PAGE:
[EDITOR'S NOTE: My friend Kevin Tan lost his life while saving one of his clients from drowining. Kevin was part of an adventure company that took teams and individuals out to be challenged and to grow togther. Kevin succeeded in saving his client, but was unable to escape the swirling currents of the river himself. He is survived by his wife and their two young children, pictured at the bottom with my parents.
Kevin was a big part of my teenage years in Malaysia, and was a de facto member of our family, eating/praying/laughing/playing often in our home. We were part of an extraordinary student ministry in Malaysia, where young people from 15-30-- or maybe even a wider range than that!-- were like a group of brothers and sisters, who cared for one another and helped each other grow. It often spilled over to include parents, making it a truly multi-generational 'youth group.' Kevin came into that group alone but quickly became a central part the family. The picture below is of him speaking at second wedding reception my parents had for us in Malaysia in the Fall of 2001. I wrote this to process my own grief and to honor his life. It will be read at his wake this week.]
Kevin Tan played a huge role in my life during my teen years. He was like a big brother to me in so many ways. We were in Bible studies together, worship teams together…We played football together—and I mean both kinds of football: the kind the rest of world calls football and the kind only Americans call football! He often went with me to play drums as we led worship at various small churches and mini-seminars.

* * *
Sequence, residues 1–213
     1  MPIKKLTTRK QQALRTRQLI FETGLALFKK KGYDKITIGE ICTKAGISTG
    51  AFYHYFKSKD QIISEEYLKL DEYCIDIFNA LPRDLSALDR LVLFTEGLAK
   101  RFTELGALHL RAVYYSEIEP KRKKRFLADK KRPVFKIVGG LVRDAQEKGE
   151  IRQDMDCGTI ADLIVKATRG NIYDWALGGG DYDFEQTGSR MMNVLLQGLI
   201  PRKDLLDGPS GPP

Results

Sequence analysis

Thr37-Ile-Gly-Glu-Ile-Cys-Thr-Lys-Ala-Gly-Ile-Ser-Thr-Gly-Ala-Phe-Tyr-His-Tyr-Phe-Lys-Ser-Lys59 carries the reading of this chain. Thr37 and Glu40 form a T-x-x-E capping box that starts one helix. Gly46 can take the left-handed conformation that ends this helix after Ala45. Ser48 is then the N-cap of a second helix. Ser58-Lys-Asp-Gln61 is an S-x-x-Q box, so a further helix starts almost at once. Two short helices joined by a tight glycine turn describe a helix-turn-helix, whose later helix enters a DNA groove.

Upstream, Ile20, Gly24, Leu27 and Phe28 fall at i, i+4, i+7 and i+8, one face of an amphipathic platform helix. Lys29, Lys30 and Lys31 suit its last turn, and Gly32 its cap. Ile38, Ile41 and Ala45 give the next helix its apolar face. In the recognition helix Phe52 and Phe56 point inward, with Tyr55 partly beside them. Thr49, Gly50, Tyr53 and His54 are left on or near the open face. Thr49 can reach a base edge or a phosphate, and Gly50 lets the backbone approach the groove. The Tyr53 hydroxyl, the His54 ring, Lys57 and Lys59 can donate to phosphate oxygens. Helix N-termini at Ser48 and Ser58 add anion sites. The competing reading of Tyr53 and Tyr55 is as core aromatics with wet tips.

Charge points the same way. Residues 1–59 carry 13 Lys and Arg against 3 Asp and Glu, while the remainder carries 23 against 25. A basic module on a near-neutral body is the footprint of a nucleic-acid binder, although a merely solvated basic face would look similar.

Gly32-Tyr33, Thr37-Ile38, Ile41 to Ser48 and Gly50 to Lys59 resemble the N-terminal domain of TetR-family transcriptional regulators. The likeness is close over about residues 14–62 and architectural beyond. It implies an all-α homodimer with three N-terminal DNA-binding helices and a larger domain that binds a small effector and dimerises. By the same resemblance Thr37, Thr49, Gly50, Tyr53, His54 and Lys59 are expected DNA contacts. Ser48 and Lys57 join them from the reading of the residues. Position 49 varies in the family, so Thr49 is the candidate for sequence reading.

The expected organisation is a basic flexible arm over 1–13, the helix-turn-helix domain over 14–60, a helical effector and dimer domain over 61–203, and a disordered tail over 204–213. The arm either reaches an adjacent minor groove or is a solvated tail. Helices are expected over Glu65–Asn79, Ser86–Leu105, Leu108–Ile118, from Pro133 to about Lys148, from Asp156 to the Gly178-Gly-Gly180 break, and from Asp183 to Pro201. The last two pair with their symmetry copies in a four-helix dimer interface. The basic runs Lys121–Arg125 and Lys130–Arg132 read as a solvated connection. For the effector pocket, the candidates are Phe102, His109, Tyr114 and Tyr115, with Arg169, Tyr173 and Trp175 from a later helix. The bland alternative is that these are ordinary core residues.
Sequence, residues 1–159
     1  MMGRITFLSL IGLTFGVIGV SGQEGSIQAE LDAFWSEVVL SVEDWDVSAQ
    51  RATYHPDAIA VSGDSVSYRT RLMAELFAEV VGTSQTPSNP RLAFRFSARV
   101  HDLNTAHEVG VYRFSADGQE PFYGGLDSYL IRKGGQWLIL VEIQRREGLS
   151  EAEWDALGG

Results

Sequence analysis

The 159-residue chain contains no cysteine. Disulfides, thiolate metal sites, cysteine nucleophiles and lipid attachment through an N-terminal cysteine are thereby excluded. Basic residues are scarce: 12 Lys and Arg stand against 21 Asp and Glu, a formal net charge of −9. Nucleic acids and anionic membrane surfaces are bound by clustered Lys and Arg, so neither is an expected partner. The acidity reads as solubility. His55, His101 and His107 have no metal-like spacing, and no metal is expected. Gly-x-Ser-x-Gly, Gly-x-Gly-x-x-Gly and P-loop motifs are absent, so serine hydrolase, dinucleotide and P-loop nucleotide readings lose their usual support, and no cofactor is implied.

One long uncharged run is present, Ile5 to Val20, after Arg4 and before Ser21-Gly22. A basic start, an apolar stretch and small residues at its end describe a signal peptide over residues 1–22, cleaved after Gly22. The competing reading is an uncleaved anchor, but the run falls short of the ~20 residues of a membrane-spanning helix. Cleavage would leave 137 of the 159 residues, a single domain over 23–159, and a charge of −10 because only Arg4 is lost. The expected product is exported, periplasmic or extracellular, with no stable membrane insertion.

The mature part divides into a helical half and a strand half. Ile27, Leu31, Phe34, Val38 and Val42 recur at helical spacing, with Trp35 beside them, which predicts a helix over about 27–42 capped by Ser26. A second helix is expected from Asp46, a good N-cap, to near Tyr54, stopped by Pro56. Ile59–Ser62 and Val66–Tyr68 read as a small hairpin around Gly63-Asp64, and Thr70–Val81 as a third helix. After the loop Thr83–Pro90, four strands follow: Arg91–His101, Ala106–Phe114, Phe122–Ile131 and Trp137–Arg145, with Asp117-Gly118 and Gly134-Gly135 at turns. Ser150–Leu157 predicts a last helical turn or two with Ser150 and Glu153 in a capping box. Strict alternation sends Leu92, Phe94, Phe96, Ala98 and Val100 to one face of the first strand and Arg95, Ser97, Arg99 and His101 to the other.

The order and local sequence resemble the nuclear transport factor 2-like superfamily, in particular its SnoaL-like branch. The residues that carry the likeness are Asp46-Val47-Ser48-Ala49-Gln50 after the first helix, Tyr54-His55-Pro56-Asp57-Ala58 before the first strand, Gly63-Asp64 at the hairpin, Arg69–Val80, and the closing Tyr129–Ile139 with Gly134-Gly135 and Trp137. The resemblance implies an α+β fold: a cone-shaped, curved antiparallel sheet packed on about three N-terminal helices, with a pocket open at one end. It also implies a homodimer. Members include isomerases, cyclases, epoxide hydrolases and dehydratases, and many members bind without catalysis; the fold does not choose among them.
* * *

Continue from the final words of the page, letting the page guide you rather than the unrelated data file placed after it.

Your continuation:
Why he let me drag him to some of these things, I’ll never know!
But then again, that was Kevin. He was always up for an adventure. A new town, a new church, a new song, a new challenge—he never shied away from any of it. And that courage was contagious. When I say that Kevin was an encouragement to me, I mean it as the word literally means: he put courage into me. He challenged me to find the edges of my comfort and to take at least one tiny step beyond it—which in my case was riding behind him on his motorcycle!
Though it has been over a decade since I’ve seen him last, and more than that since we’ve spent any real quality time together, I carry around with me the impact of Kevin’s friendship. The confidence I gained as a young man was sparked by Kevin’s influence on me. Whatever fears I let slip off of me were loosened first by Kevin’s admonishment.
Kevin lost his life the way he lived it: with courage. He put his own life in danger in order to save someone else’s. Kevin died because he took a leap—the physical embodiment of risk—to lift someone else up. This is, in his death, precisely what he has done in his life.
I know because I am one of those who has been lifted up by Kevin Tan. I am one who has had courage breathed into him because of Kevin Tan.
We will weep today. And for many more days. We will mourn because mourning is the good and proper protest to death. We know deep down inside that life was not meant to be this way. Our bodies were not made to break down. Love was not given so that it could be lost. And yet, this is how it is in a world breaking under the weight of sin.
But this is not how the world shall always be.
Christ has died; Christ is risen; Christ will come again.
One day, Death will be defeated; every tear will be wiped away. The world itself will be made new and we will be given bodies fit for such a world.
This is what inspires our hope. And this hope is what leads us to live now with courage—the unshakable belief that for those who are in Christ, Death will not have the last say. We cannot be taken down.
I know this. And Kevin knew it too.